On Thursday, a federal judge ruled that Idaho’s Department of Corrections had to provide surgery for a male inmate who identified as a woman.
By refusing to provide treatment to 31-year-old Adree Edmo, the state, according to Judge B. Lynn Winmill, was engaging in the type of “cruel and unusual punishment” prohibited by the Eighth Amendment in the Constitution.
“For more than forty years, the Supreme Court has consistently held that consciously ignoring a prisoner’s serious medical needs amounts to cruel and unusual punishment in violation of the Eighth Amendment,” Winmill said, according to the Associated Press.
Winmill argued that the state ignored “generally accepted medical standards” for treating Edmo who continued feeling gender dysphoria even after undergoing hormone therapy.
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“Many transgender individuals are comfortable living with their gender role, expression and identity without surgery,” the Idaho State Journal reported Winmill saying. “For others, however, gender confirmation surgery … is the only effective treatment.”
Edmo was diagnosed with gender dysphoria in 2012 and faced prison time for sexual abuse of a child under 16.
Amy Whelan, Edmo’s attorney, portrayed the surgery as a “life-saving” measure for Edmo who reportedly used a sterilized razor blade to try and remove a testicle.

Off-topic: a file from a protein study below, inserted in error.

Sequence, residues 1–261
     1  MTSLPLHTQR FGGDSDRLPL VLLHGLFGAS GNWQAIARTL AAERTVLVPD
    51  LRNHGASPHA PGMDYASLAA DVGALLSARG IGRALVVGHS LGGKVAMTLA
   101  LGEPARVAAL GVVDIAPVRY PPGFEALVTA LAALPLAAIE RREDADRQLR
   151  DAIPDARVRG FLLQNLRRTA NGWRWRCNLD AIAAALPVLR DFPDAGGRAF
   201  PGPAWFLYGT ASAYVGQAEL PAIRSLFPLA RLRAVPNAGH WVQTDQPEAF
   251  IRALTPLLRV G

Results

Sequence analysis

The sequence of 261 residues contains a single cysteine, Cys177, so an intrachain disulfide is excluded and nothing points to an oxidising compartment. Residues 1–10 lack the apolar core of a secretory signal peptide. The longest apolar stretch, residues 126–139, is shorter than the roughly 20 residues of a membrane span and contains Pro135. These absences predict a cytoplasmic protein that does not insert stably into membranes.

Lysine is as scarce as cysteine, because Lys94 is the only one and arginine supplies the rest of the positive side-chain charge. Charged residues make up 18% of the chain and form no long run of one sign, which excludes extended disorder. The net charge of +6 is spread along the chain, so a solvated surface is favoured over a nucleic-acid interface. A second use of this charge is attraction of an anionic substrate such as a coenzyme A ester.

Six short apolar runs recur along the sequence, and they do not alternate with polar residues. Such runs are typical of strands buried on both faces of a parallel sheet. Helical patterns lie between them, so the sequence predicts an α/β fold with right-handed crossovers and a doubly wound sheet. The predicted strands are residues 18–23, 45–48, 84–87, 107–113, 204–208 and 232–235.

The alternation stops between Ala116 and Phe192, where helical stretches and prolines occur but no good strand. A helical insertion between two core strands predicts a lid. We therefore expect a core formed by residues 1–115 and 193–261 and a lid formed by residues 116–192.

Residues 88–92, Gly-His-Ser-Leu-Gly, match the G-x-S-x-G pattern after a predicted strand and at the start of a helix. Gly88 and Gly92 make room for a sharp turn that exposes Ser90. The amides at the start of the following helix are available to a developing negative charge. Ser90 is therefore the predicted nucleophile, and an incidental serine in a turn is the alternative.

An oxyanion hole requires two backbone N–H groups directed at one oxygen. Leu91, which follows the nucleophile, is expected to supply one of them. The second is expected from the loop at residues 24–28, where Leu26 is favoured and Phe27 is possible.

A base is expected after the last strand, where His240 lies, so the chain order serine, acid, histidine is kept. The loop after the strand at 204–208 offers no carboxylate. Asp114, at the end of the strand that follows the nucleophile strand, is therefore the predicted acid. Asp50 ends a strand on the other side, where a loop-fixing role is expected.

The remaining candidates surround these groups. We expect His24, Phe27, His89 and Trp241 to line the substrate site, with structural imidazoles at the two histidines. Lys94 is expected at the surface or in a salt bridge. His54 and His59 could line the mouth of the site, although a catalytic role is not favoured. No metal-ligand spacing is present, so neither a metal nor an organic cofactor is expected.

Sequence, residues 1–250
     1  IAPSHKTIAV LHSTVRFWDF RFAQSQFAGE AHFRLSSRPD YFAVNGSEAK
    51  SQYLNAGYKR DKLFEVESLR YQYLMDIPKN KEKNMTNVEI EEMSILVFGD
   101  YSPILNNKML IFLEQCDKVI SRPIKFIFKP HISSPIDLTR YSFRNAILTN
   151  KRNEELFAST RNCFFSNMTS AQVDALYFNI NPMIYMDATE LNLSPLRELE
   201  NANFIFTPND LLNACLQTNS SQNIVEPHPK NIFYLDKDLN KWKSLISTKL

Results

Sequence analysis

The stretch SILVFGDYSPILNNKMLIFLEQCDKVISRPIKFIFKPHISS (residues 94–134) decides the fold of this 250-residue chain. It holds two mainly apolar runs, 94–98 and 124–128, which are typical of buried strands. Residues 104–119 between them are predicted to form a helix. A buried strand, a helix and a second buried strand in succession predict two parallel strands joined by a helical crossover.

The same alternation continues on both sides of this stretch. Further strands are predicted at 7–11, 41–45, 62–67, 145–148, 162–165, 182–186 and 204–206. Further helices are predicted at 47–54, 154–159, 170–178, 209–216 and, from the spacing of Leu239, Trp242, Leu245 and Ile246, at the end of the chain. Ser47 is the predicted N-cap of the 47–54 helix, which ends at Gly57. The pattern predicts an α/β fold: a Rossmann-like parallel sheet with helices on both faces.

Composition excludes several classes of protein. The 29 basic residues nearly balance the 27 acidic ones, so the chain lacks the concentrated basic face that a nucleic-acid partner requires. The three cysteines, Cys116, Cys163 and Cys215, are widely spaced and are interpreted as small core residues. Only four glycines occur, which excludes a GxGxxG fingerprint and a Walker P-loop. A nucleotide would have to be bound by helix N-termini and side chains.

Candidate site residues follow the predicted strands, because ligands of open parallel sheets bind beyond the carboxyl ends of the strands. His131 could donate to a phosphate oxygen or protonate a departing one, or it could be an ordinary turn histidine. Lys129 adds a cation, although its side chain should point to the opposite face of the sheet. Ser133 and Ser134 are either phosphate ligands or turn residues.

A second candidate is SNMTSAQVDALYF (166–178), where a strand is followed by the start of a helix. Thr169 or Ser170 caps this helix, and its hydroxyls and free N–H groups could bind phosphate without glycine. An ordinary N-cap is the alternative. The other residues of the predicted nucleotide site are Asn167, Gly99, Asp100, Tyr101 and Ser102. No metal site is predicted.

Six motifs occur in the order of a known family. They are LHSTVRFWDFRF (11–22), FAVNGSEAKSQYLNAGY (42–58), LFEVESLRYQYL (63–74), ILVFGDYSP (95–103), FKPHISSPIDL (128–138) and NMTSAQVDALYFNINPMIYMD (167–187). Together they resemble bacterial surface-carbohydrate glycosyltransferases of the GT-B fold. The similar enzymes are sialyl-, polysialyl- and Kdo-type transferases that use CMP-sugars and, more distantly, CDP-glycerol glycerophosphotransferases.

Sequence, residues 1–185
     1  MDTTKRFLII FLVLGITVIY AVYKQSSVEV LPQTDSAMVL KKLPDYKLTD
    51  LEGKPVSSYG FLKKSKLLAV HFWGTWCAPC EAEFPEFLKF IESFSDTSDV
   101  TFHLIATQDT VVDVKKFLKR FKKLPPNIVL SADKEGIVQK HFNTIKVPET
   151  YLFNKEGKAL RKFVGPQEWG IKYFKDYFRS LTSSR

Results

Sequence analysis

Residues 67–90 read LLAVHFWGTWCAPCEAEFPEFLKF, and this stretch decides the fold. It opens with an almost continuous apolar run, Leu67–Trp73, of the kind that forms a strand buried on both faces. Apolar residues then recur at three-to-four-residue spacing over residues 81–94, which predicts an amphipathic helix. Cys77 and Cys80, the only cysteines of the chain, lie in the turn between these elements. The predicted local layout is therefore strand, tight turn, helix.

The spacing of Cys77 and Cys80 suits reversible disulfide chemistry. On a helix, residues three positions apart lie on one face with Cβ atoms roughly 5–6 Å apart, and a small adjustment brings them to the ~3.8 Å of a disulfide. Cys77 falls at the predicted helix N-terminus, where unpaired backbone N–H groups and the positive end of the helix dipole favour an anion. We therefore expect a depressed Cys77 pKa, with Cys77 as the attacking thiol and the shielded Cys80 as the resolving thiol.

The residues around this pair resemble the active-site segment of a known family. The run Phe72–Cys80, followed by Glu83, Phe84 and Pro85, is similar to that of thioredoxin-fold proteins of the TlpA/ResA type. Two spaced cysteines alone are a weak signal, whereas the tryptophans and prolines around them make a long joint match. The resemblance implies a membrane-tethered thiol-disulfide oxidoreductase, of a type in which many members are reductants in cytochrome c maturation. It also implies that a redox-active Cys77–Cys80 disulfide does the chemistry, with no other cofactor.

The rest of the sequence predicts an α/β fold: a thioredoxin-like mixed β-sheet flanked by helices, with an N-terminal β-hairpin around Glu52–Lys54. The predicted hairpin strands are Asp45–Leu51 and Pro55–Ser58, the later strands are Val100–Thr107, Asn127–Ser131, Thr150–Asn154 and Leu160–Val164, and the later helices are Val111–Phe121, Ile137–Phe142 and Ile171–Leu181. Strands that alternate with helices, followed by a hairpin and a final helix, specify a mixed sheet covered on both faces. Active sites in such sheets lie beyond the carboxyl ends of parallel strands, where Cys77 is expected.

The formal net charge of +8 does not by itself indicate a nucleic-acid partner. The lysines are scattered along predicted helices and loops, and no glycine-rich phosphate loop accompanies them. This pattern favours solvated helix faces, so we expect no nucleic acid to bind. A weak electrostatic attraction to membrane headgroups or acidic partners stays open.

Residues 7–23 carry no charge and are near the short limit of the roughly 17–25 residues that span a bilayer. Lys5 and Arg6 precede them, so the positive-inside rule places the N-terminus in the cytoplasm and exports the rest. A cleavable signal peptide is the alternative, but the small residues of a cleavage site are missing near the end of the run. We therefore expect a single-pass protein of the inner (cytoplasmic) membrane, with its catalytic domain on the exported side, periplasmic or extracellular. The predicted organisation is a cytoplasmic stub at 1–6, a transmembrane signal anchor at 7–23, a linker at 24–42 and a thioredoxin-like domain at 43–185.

Whelan wasn’t the first to make that argument. Earlier this year, Starbucks similarly promoted the story of an employee who described electrolysis, breast augmentation, and other treatments as “life-saving.”
While the nation continues to debate the issue, prominent literature reviews — examining the broader field of evidence on gender health care — indicated a lack of sufficient evidence to determine whether related medical procedures were helpful.
In 2004, for example, the Guardian commissioned a study examining whether gender reassignment surgery was effective in treating trans individuals’ symptoms.
After reviewing more than 100 international medical studies of post-operative transsexuals, the study found no “conclusive evidence that sex change operations improve the lives of transsexuals.” It instead reported that many people remained “severely distressed and even suicidal after the operation.”
Ten years later, a literature review concluded there wasn’t enough evidence to support meaningful conclusions. After reviewing 33 studies, The Centers for Medicare and Medicaid similarly concluded that the overall “quality and strength of the evidence were low.”
“Collectively, the evidence is inconclusive for the Medicare population,” the agency said.
Thursday’s decision was just the latest in which the government mandated accommodations for individuals who identified as transgender.
Last year, for example, a judge ruled that California had to provide inmates with feminine accessories and things like compression underwear. In Wisconsin, as IJR previously reported, a judge went so far as to argue that the state’s Medicaid services had to provide surgery for individuals who identified as transgender.